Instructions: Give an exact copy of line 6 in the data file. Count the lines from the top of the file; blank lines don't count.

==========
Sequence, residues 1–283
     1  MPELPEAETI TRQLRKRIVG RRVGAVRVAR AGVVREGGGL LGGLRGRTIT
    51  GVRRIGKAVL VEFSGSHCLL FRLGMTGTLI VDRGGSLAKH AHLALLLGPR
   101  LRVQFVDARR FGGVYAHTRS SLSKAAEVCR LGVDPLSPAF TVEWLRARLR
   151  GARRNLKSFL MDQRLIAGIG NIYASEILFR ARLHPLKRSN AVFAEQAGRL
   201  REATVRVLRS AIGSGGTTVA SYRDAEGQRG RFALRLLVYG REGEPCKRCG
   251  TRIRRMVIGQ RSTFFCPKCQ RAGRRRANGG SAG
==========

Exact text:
   201  REATVRVLRS AIGSGGTTVA SYRDAEGQRG RFALRLLVYG REGEPCKRCG